In February 2020, just two weeks before the COVID emergency lockdown, A. Philip Randolph Square Neighborhood Alliance (the Alliance) held a well-attended community meeting to discuss its visioning strategy with the community. Partnering with the community board, elected officials, and community stakeholders, the Alliance made a concerted effort to notify community members about the meeting by posting flyers throughout the neighborhood, making announcements at community meetings, sending announcements through email blasts, and posting on various social media platforms in concert with our community partners.

During that meeting, attended by over fifty residents, leaders, and stakeholders, the Alliance gave a presentation to the community on the history of our group, models of other parks' capital projects, our visioning survey—the central component of our  visioning strategy, and an update on our capital campaign and capital commitments. We had a productive discussion around the alarming public health and public safety concerns and ended the meeting by outlining the next steps we would pursue. Then COVID brought everything to a screeching halt.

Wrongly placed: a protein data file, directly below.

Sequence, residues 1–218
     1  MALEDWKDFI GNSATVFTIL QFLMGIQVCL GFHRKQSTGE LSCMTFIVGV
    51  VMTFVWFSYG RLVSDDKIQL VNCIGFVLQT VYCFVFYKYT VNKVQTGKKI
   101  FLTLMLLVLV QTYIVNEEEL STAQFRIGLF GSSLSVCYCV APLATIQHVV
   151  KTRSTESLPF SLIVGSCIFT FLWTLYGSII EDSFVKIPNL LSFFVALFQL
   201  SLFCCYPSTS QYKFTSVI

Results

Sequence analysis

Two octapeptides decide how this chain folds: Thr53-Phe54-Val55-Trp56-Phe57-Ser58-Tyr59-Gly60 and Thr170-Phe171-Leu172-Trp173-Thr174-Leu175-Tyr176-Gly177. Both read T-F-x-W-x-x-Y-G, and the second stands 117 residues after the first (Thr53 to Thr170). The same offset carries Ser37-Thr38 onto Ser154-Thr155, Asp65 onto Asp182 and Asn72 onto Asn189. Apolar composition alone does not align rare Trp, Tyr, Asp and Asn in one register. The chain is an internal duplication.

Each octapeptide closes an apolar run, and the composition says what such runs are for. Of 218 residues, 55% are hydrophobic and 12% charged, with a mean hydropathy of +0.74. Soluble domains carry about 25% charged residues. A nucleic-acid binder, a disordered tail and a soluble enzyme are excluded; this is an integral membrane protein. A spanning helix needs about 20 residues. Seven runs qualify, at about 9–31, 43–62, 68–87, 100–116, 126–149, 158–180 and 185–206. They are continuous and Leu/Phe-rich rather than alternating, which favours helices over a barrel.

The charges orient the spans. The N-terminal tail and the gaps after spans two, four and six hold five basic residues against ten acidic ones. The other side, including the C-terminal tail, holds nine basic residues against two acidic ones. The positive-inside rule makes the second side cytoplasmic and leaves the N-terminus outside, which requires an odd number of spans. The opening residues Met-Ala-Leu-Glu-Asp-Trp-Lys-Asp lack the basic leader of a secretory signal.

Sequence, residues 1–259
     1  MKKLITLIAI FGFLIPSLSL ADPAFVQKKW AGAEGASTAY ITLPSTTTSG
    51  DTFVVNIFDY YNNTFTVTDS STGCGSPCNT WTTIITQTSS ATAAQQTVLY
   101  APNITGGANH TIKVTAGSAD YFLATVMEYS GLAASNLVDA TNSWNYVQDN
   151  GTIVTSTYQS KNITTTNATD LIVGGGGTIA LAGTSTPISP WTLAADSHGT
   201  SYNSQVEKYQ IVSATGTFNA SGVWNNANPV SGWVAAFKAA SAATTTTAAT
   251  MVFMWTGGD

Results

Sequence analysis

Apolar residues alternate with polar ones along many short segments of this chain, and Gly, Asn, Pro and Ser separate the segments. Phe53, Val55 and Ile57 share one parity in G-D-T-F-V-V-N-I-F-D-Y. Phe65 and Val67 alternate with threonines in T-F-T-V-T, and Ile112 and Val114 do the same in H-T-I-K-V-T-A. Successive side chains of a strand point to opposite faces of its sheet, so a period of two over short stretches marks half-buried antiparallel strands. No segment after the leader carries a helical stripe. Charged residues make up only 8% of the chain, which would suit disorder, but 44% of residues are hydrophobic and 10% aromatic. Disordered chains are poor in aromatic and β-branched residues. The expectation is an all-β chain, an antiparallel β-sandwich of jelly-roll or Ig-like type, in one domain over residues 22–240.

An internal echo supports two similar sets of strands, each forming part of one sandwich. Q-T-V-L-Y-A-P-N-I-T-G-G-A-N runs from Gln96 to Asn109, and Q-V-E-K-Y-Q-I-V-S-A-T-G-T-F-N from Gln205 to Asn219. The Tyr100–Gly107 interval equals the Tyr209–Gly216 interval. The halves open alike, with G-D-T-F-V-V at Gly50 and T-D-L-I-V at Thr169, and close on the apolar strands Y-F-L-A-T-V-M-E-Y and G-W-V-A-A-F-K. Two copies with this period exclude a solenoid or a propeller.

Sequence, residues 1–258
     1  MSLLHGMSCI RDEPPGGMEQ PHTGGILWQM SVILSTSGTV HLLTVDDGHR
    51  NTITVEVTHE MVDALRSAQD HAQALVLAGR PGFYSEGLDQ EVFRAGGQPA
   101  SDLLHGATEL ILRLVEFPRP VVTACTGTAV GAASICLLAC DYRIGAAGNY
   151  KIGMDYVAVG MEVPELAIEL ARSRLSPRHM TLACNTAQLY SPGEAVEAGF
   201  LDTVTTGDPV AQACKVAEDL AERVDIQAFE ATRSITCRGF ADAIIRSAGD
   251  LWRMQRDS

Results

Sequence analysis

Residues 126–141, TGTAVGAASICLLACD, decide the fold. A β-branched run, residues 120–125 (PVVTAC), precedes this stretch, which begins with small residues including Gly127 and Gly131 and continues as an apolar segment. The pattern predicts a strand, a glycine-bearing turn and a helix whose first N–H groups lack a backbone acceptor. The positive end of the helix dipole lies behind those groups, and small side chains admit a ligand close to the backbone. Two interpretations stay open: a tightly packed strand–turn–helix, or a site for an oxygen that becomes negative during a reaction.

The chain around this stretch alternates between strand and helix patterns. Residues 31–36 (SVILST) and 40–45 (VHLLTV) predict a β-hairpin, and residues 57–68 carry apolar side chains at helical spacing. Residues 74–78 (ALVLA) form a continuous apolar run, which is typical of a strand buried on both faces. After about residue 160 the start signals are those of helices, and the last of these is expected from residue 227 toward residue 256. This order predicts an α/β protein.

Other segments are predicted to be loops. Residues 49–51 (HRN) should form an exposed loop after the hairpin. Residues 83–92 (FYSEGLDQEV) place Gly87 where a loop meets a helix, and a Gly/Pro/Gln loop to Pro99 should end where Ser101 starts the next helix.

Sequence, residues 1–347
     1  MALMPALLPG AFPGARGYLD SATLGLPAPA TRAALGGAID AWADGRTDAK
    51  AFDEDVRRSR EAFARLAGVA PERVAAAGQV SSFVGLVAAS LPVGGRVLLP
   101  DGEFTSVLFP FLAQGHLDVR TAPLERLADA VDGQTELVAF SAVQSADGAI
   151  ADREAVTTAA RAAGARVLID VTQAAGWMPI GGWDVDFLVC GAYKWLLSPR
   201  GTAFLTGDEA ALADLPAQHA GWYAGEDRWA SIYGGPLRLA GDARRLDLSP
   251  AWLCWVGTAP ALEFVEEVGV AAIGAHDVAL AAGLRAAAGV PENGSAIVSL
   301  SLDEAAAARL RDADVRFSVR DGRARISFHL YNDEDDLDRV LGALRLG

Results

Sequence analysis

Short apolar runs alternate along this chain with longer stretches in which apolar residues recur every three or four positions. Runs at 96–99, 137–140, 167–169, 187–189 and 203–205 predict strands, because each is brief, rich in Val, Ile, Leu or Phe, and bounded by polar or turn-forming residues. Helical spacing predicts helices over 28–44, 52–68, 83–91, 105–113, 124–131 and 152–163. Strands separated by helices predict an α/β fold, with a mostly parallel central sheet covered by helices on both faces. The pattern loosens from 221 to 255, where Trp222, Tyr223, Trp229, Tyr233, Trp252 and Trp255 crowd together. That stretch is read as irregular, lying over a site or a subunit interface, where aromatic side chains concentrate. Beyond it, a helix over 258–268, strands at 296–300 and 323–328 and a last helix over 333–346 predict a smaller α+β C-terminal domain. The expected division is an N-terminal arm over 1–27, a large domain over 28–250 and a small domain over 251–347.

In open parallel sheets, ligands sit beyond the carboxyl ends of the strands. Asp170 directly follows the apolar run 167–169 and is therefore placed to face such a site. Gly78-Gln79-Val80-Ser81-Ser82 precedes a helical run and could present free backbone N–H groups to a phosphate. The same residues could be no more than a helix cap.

During the COVID-19 pandemic, we could no longer canvas in-person, so we began the process of evaluating all of the data we collected. We were surprised to learn that our findings were totally inconsistent with the social reality of our neighborhood’s constituents. Based on our data collected on income, our average was well above the figures provided by the United States Census, as well as the Pratt Institute’s Neighborhood Data Portal.

To correct our data, we set up a phone, mobile, and text canvassing initiative using such databases as VoteBuilder, Hustle, and VAN.

Over a two-week period, we contacted over one hundred resident-participants living in low-income housing in our catchment area. That initiative helped to make the data we collected more representative of our community, and more importantly, we also learned that different income groups respond differently to participating in surveys, an important lesson that would inform all of our subsequent visioning initiatives.

The key step in the visioning process was scenario building, which involved leading stakeholders in a charrette or community input meetings focused on forming a vision of the community five, ten, and twenty years into the future. In those meetings, stakeholders identified the community’s strengths, weaknesses, opportunities, and threats, and discussed potential development and redevelopment scenarios and their potential effects. These scenarios included any hypotheticals devised by the participants, such as the removal of parking spaces, the build-out of a defunded senior center, preservation of remaining developable land on underused and undercapitalized NYCHA properties, and redevelopment of a community garden. The steering committee and its experts developed distinct scenario concepts and presented those proposals at public workshops that gave community members the opportunity to choose a preferred scenario. Graphic representation of the scenarios was incredibly helpful. The experts working in partnership with the committee helped to create these conceptualizations and visualizations.